United Nations officials will soon release their plan to improve the developing world's access to lifesaving drugs. At best, their recommendations will prove ineffective. At worst, they could endanger millions of lives.

It didn't have to be this way.

The panel could have made significant progress towards its goal by building on decades of work done by groups like the World Health Organization. These past efforts, which brought public organizations and governments together with private healthcare companies, have prevented millions of premature deaths.

Instead of replicating that cooperation, officials on the UN's High-Level Panel on Access to Medicines want to pit these groups against one another in an attempt to assign blame for global health crises. Such finger-pointing isn't merely counterproductive; it's the worst kind of politics.

Scapegoating patents for the developing world's drug shortages is dishonest. The vast majority of drugs on the WHO Essential Medicines List aren't protected by patents -- they are available globally in generic form. Yet hundreds of millions of patients do not receive them.

International efforts to slow the spread of disease have been underway for well over a century. In 1902, the United States was the leading force behind the Pan American Health Organization, an early public health agency. Such initiatives are based on a shared recognition among nations that global health is a cooperative enterprise including governments, businesses, non-profit research centers, volunteers, medical experts, and more. No single person or entity can combat disease alone.

The United States has been a critical partner in combating disease around the world. In 2012 alone, the US committed nearly twice as much funding to the WHO than any other member state, with contributions totaling over $110 million.

Private organizations have done their part too. Last year, America's biopharmaceutical companies spent almost $60 billion on research. These firms are currently developing more than 5,000 medicines for everything from HIV/AIDS to cancer and diabetes.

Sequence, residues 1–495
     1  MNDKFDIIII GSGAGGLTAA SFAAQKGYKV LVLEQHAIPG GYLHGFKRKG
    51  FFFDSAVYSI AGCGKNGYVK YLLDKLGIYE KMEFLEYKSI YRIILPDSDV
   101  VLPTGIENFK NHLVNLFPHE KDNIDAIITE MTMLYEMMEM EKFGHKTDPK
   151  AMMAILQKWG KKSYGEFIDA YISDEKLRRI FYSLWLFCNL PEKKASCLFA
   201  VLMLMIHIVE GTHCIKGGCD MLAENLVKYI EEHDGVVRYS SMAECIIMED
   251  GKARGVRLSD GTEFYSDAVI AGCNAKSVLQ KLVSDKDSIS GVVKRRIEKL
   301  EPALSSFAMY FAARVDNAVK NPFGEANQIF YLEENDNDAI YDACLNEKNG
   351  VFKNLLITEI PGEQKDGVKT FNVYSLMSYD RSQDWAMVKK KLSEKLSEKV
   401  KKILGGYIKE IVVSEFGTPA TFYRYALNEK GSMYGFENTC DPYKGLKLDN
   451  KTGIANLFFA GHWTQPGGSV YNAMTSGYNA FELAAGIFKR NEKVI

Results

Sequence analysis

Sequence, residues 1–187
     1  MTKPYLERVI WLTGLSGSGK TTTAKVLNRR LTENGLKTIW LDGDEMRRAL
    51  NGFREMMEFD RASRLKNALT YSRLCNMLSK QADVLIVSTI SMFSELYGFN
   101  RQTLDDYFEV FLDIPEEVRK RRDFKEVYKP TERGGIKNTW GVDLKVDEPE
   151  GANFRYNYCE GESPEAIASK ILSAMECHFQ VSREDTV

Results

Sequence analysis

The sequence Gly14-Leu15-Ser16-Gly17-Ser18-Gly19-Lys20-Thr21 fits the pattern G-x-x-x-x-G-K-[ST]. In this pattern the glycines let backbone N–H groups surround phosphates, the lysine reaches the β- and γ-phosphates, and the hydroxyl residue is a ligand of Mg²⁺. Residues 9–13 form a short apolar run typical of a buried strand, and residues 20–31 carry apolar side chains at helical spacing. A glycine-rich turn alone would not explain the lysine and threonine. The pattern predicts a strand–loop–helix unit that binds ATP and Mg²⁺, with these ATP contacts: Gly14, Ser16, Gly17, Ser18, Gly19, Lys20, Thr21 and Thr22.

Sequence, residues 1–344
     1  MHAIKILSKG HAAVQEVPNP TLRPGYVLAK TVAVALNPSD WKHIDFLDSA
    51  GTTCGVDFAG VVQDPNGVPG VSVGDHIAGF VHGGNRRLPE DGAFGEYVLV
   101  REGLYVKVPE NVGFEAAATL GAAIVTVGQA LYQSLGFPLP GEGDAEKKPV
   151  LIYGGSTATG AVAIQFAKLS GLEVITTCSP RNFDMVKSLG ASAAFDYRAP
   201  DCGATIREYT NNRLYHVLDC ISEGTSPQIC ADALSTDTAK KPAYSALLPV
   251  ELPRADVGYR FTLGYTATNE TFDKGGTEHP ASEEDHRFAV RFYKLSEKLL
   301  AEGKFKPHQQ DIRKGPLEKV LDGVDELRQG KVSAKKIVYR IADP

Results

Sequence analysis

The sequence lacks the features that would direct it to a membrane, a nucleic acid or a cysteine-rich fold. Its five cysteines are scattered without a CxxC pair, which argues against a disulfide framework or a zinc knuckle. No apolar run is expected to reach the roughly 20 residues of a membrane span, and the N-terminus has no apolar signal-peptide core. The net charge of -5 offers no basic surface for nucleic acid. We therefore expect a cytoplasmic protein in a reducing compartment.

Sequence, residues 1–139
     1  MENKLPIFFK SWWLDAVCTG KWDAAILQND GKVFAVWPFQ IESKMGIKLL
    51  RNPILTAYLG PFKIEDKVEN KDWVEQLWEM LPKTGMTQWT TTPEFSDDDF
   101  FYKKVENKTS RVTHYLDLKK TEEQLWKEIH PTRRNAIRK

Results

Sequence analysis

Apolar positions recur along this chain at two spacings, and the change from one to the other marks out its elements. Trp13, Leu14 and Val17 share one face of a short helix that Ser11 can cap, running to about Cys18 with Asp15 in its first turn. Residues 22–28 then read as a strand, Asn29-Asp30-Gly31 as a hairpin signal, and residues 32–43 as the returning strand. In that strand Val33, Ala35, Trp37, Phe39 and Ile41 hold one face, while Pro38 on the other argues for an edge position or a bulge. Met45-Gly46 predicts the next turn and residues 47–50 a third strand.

Working together, non-profit academic centers, drug companies, and governments, can ensure such research continues. This cooperation is vital -- a third of people in the developing world still lack dependable access to medicines considered "essential" by the WHO.

Yet the UN's latest effort to address this problem drives a wedge between these sectors.

The UN Secretary General specifically tasked the panel with "remedying the policy incoherence between the justifiable rights of inventors, international human rights law, trade rules and public health in the context of health technologies."

The implication is that intellectual property rights are barriers to expanding medical access. For the developing world to gain access to the medicines it needs, the assumption seems to be, drug firms must sacrifice their patent protections, which prevent other firms from making knock-off copies of medicines for a limited time.

Scapegoating patents for the developing world's drug shortages is dishonest. The vast majority of drugs on the WHO Essential Medicines List aren't protected by patents -- they are available globally in generic form. Yet hundreds of millions of patients do not receive them.

In too many cases, barriers to treatment reflect the poor infrastructure and misguided policies of many emerging economies.

Poor storage facilities around the world lead to significant waste of pharmaceutical supplies, driving up costs astronomically. In India, a quality-control study followed a series of vaccine vials through the supply-chain delivery process. The study found that 76 percent of the vaccines were rendered useless because they were inadvertently frozen while being stored in substandard storage facilities.

Abandoning our IP system will do nothing to address such problems. However, it would upend the protections that incentivize firms to develop new drugs and ensure those medicines get to patients quickly and reliably.

Global health organizations, individual nations, and medical innovators all have a vital role to play in overcoming the barriers to medical access around the world. The High-Level Panel on Access to Medicines was an historic chance to forge such a partnership. Instead, the UN deliberately drove these parties apart, sacrificing global health for petty politics.

Douglas E. Schoen has served as a pollster for President Bill Clinton. He has more than 30 years experience as a pollster and political consultant. He is also a Fox News contributor and co-host of "Fox News Insiders" Sundays on Fox News Channel at 7 pm ET. He is the author of 13 books. His latest is "Putin's Master Plan" (Encounter Books, September 27, 2016). Follow Doug on Twitter @DouglasESchoen.